Tuesday, August 4, 2009

Pet peeves

In a posting earlier this summer I believe I referred to Madison Park as an oasis within the urban jungle, or perhaps I claimed that our neighborhood was an island of tranquility in a sea of troubles. Whatever overwrought metaphor I may have used, my argument was based on some sound evidence: comparing the level and types of crimes committed on our .91 square miles of the City to what goes on daily in a lot of the rest of this town shows that we’ve got it good.

Now I think there’s fresh evidence for my point about the relative tranquility we enjoy down here at the end of the road. It has to do with the story ideas for this blog that my neighbors keep coming up with. Let’s just say that these suggestions are not the kinds of things that most Seattle neighborhood blogs would find noteworthy. Not that this is much of a surprise, but I can say categorically (assuming that my neighbors are representative) that unlike many places in the City, ours is not a community with a lot of urban angst, social disconnect, or even anti-corporate passions. We’re apparently not so much “mad at The Man” as we are irritated with each other—and with those interlopers who come here and flout the rules.

Actually, I’d put most of our concerns about the neighborhood squarely at the level where they belong: in the category of pet peeves. This is not to say that there aren’t some big issues that Madison Parkers can get worked up about, such as preservation versus development. But to be frank, a lot of the things that really seem to disturb us are, well, a bit pedestrian.

So evaluate my proposition for yourself. Here’s a (semi-complete) list of the teeth-gnashing concerns that people in the ‘hood get so hacked off about that they think it’s worth my blogging about:

People who allow their dogs to roam freely and, as the British might say, foul the footpath—not to mention a lot of other parts of the neighborhood landscape. This is by far the most mentioned pet peeve.

People who walk or run their dogs and still don’t control what their dogs may leave behind. [My neighbors on the 1600 block of 43rd Avenue East provide the social commentary pictured above.]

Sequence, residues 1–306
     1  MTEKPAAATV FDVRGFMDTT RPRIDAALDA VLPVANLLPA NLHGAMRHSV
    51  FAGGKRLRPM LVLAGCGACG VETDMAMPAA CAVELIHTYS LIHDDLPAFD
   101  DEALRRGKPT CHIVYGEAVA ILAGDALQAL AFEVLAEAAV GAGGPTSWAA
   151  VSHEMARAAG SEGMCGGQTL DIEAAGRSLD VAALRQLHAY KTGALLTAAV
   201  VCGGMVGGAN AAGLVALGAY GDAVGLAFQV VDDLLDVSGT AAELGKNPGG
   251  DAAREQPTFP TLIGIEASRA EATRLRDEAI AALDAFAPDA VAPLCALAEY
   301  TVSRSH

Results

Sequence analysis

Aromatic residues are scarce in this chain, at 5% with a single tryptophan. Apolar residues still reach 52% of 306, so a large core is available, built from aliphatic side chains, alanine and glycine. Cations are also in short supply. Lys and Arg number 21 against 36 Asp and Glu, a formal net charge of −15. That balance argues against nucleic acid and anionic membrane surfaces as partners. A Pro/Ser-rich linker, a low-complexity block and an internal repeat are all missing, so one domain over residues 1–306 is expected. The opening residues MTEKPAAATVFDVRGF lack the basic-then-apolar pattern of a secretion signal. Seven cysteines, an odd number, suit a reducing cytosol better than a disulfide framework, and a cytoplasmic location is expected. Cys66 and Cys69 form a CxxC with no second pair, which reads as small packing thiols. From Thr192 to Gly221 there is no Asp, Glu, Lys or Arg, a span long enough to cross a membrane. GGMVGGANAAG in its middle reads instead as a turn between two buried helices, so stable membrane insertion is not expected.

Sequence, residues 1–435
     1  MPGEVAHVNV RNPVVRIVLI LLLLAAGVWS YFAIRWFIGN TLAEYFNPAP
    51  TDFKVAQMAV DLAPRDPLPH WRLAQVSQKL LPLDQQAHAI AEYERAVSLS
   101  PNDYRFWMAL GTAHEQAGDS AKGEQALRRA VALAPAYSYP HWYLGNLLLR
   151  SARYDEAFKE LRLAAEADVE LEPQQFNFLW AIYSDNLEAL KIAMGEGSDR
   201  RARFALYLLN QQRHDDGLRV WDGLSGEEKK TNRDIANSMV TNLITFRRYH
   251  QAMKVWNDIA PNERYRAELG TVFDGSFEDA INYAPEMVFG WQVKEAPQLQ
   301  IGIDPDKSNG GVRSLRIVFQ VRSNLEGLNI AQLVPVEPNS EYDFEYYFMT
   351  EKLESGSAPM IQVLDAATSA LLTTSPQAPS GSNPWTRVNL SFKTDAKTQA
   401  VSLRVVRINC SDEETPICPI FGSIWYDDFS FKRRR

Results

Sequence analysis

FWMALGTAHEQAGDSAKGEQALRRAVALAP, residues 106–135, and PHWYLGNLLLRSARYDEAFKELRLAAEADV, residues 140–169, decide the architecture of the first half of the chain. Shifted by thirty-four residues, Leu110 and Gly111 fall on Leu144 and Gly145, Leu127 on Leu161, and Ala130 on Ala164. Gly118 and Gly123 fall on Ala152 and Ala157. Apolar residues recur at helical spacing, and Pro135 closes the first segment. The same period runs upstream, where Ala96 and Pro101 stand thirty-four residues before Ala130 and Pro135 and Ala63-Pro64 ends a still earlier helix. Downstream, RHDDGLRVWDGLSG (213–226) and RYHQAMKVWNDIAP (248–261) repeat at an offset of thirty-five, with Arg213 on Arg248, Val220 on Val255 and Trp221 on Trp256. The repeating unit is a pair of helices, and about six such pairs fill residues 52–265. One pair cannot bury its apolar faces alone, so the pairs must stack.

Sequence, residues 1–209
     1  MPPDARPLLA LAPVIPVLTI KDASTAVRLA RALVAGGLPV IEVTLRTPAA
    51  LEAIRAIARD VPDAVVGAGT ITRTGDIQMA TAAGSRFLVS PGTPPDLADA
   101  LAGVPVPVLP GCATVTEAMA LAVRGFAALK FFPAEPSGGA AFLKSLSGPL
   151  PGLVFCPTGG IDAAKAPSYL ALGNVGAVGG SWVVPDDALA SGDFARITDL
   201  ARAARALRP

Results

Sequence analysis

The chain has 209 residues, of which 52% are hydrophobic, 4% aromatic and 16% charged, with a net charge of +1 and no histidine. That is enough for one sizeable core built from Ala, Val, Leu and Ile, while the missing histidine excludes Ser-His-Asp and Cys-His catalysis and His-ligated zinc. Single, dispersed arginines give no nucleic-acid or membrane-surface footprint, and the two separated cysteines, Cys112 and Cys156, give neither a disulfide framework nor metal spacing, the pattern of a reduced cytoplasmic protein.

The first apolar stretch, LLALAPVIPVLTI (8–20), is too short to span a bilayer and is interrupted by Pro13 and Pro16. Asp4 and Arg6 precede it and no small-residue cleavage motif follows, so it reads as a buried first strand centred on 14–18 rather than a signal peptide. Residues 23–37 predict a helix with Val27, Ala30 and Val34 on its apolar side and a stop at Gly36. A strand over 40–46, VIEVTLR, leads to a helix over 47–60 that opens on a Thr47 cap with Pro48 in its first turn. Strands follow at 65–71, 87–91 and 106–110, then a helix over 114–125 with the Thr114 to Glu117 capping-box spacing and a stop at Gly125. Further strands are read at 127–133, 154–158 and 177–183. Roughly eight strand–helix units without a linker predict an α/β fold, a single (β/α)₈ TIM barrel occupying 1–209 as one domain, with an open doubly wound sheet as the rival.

People who park their boat and trailer rigs on the street in front of their houses for days or weeks at a time in violation of City ordinance.

People who park their boat and trailer rigs on the street in front of other people’s houses (often on a different street than their own) for days or weeks at a time in violation of City ordinance. (These are apparently people who have been warned off by the neighbors on their own streets).

People who allow their trees and other landscaping to encroach onto the public right of way, narrowing access to sidewalks and, in some cases, creating a hazard for walkers and runners.

People who drive down East Madison Street and at the intersection of E. Howe Street make a u-turn around the traffic island, ignoring the “Do Not Enter” sign, and then heading back up Madison in order to park on the other side of the street.

People who drive down East Madison Street, make the right turn on to E. Howe Street, but then turn right onto 43rd Avenue E., ignoring the “Do Not Enter” sign in order to park facing the wrong direction in one of the back-in angle parking slots by the beach.

People who hire people who use leaf blowers to blow grass clippings and other debris all over the place, often onto their neighbors property. (Okay, I admit that no one asked me to do a story on this. It’s my own pet peeve. But really, I ask you, is it necessary or environmentally or socially responsible to be using our energy resources this way while simultaneously fouling the air and causing noise pollution? And does it have to be done at 7:30 in the morning?)

Anyway, you get the idea. If these are our big issues, we’ve got it good.

[Did I not mention your own personal pet peeve? If so, please post it in the comments section below or email me. We'll get to it.]


  1. So true - leafblowers are evil. What's wrong with brooms?

  2. Funny, that's a photo of our 'pick up after your pet' sign. Unfortunately, it was stolen only days after we got it. Needless to say we won't be replacing it. I suppose people simply do not care if they leave their pet's mess on your lawn.



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